Reframing the Mediation Lexicon
By: Eric R. Galton, IAM Distinguished Fellow (with a great deal of help from friends)
Email: email@example.com Posted: October 20, 2016
See full article at www.iamed.org
Words matter. So in basic mediation training we teach neutral words and reframing. But is our mediation lexicon stale and itself in need of reframing? As I pursued this question, I spoke with world class mediators, some of whom are mentioned below. The general consensus is that mediators use tired, stale words and there is much room for improvement. We need to bring innovation and creativity to our mediation lexicon. Mediator Eugene Moscovitch (California) emphasized that “words are really the only tools” mediators have. Mediation – a process that is supposed to be flexible and creative – has become static and predictable in both theory and practice. We need new words to move us in new directions.
The Oddest Words
While I personally like many of the words we are about to examine, consider what a human being with no knowledge of mediation might think about them. For instance, what does a “joint session” mean? Does one have a joint session while meeting with a chiropractor or an orthopedist, or does it involve copious amounts of marijuana?
Then we have a “private caucus,” which sounds sinister and sneaky, and may conjure up images of smoke-filled rooms and elections. We need to find alternative words and terms that enhance trust building and encourage confidence in mediation.
Out with “Joint Sessions” and in with “Learning Conversations”
In various parts of the United States, the joint session is vanishing or has vanished. Could reframing the “joint session” make it more appealing and understandable to the parties and prompt a second look by counsel? Let’s recast the joint session and label it as a “learning conversation.” Isn’t the gathering of advocates and decision-makers intended to be, in part, an opportunity to educate and learn? Almost everyone likes to learn, lawyers included. Everyone has conversations (although the listening part is often difficult for lawyers).
In a learning conversation, parties and counsel are not being asked to make opening presentations or speeches. In a learning conversation, participants add content, context and information. It need not be positional, oppositional or argumentative. Conversations offer the mediator an important role – to moderate the conversation, to create balance and, through inquiry, to seek refinement and education for all participants. The mediator may model the desire to learn by asking the parties to “help me understand” the components and complexities of the dispute better.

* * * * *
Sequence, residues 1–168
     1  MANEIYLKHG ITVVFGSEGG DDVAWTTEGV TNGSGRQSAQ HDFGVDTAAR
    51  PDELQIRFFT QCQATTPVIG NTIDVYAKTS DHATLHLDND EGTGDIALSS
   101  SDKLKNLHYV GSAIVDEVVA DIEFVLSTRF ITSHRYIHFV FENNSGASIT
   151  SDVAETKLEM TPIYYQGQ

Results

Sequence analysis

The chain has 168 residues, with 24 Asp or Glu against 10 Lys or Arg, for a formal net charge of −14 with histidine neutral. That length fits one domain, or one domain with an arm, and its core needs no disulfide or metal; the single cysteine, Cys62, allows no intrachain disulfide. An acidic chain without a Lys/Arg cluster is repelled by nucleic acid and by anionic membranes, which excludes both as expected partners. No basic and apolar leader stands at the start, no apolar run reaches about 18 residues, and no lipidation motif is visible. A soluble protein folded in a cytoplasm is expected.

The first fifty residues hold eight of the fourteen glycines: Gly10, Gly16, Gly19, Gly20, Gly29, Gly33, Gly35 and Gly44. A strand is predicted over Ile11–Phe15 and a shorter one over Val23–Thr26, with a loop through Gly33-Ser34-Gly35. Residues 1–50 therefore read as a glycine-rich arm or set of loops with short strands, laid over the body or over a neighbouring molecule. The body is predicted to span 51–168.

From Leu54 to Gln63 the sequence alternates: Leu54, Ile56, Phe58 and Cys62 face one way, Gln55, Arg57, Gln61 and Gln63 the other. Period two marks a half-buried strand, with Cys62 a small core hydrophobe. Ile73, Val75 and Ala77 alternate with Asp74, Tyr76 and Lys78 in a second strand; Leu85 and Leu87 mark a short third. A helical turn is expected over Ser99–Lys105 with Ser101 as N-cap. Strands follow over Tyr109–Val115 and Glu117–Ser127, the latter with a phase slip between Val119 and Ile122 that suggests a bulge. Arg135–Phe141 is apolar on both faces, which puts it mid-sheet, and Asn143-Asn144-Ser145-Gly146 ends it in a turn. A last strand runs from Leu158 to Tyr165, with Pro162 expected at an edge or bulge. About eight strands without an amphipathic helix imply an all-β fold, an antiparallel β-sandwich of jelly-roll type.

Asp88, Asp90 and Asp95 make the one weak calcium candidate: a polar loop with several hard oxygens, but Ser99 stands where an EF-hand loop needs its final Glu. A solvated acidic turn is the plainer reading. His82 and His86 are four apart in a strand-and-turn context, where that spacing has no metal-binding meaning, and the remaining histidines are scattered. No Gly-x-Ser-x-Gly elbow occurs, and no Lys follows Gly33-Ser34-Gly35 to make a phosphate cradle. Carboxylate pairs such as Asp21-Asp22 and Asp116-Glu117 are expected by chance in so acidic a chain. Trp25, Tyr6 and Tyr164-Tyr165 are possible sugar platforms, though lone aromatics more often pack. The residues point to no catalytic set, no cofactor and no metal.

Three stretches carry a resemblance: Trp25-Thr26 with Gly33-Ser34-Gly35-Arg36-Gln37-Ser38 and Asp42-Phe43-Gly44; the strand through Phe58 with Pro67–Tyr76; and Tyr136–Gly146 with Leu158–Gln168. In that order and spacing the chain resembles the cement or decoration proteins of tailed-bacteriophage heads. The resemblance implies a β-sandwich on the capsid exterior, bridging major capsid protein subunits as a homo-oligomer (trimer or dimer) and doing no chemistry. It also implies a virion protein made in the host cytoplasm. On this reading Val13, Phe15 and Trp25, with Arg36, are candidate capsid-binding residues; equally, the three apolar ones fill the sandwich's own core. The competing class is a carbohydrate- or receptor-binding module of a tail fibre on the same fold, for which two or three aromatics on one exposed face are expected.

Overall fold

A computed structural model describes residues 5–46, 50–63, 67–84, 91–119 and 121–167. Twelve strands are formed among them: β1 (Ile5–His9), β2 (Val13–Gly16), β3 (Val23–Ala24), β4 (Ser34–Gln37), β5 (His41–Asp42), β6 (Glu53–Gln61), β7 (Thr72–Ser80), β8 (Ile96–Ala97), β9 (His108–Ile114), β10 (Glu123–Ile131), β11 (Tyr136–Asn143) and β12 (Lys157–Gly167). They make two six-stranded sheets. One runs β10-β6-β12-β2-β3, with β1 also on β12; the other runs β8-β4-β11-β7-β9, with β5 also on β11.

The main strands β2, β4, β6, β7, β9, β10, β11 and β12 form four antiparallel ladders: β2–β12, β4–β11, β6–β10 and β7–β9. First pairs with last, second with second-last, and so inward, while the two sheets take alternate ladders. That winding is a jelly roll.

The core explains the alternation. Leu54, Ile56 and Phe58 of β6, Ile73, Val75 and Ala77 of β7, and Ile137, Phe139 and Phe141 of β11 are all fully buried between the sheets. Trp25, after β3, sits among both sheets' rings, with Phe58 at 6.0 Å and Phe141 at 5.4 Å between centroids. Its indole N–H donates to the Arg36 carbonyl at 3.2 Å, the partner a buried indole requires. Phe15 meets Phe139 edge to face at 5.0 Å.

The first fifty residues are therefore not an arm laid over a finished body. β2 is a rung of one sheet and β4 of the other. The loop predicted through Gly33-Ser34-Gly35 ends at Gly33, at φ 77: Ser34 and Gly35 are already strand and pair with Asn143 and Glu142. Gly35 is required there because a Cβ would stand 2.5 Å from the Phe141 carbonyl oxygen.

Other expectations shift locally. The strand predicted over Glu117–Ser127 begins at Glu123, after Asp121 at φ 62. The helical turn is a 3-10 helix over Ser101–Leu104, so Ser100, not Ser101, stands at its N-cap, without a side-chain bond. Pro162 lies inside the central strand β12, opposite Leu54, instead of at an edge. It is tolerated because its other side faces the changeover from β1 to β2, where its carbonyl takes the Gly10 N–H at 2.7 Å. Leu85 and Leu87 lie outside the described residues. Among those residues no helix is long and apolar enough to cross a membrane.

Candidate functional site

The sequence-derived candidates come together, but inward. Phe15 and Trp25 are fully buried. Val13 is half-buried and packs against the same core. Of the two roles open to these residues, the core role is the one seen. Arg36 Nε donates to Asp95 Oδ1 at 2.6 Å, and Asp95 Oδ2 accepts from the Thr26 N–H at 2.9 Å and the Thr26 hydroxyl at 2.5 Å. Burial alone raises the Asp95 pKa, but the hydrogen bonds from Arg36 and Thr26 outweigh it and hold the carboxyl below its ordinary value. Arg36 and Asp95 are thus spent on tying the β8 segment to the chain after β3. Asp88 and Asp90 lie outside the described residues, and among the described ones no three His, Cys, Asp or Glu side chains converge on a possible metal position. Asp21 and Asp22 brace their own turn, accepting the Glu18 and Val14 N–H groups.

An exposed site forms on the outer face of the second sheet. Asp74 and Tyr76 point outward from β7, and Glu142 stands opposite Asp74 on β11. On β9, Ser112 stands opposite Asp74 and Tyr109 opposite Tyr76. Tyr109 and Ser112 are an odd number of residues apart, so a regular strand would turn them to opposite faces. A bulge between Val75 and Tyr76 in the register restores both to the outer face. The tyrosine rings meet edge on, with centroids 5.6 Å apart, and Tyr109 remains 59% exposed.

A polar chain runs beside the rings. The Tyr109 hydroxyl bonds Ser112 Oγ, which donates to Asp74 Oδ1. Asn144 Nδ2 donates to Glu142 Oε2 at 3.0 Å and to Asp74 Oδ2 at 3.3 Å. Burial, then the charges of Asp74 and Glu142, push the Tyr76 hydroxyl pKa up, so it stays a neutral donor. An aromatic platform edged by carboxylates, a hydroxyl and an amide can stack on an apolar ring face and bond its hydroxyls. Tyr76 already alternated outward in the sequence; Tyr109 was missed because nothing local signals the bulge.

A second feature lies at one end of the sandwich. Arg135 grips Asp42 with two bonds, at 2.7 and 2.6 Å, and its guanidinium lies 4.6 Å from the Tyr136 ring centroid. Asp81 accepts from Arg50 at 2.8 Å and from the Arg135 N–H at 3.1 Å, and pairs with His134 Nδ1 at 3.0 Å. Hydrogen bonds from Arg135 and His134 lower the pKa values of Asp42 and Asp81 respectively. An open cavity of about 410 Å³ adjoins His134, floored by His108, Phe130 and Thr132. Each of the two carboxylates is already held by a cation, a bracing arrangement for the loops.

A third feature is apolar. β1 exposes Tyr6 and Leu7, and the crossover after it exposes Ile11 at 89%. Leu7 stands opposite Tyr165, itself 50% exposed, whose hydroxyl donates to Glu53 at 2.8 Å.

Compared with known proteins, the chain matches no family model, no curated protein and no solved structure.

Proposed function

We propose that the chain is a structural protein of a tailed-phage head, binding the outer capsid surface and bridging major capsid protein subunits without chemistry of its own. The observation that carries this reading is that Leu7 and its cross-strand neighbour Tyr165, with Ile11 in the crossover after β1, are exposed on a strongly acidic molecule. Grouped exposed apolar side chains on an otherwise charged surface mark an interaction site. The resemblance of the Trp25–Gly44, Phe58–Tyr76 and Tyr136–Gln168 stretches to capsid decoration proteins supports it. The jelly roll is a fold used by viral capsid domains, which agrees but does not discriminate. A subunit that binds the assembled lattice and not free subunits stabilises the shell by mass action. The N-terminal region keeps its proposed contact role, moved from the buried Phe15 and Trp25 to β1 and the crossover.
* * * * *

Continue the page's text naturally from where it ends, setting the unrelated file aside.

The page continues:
Alternatives abound. Denise Madigan (California) uses the term “conversation” frequently during mediations to make parties more comfortable and engaged, but prefers the term “business conversation.” David Hoffman (Massachusetts) prefers the term “plenary session,” while Susan Hammer (Oregon) uses “focused conversation” to overcome the fear of things getting wildly out of hand. Jeff Jury, referencing his small town upbringing, uses the terms “get together” and “meet and greet” to invite a constructive inquiry into “what are we going to do?”
Reframing the “Private Caucus”
Similarly, alternatives may make the “private caucus” less threatening and maybe even something more natural and inviting. Let’s consider words like “huddle,” “gather” or “confer.” A mediator might say “After our learning conversation, I may wish to huddle with each side to learn even more about this dispute and its impact.” “Huddle” is associated with United States football, but is also commonly used to suggest a meeting or to confer, and is a friendlier and warmer word than caucus.
A mediator quarterback in a huddle attempts to be the catalyst for good decision-making and strategic planning by the team with the ball. Unlike football, a mediator quarterback solicits ideas and allows the team to call the play. Like football, the mediator may assist the parties in identifying the “defenses,” or barriers to resolution in order to develop a better path towards solutions. The mediator quarterback might ask the parties to consider “changing a play” or rethinking a response to an offer.